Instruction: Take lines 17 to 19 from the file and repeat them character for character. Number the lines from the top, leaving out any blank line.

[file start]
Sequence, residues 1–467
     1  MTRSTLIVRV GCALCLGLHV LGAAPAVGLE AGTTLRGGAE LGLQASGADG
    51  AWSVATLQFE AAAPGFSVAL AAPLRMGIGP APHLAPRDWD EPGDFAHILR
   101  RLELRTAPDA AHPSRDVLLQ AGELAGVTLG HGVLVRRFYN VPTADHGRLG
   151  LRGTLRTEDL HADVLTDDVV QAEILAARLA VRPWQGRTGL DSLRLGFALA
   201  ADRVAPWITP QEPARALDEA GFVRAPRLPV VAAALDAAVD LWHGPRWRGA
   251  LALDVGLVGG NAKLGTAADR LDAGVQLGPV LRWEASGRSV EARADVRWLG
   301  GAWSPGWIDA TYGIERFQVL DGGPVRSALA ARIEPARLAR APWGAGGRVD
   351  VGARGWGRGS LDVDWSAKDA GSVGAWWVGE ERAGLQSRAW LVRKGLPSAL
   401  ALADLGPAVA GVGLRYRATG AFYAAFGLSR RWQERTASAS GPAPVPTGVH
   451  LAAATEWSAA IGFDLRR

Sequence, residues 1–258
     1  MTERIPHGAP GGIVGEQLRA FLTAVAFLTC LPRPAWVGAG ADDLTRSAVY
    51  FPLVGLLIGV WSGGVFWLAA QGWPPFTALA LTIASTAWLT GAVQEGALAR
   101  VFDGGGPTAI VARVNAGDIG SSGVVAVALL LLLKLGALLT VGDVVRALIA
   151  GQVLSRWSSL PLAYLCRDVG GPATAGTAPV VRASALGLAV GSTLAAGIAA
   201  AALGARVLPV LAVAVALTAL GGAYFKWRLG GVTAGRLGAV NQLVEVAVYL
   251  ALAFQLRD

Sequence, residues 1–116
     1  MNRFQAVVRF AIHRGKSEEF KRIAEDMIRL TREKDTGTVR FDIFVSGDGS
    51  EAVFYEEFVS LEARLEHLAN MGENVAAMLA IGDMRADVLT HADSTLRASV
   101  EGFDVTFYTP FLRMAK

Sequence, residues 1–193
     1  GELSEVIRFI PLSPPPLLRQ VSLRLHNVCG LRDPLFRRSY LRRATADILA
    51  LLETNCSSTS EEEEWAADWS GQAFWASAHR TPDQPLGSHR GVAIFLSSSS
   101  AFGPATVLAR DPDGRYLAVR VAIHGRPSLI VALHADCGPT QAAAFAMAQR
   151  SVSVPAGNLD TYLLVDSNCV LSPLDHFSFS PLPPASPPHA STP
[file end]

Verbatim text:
   201  AALGARVLPV LAVAVALTAL GGAYFKWRLG GVTAGRLGAV NQLVEVAVYL
   251  ALAFQLRD

Sequence, residues 1–116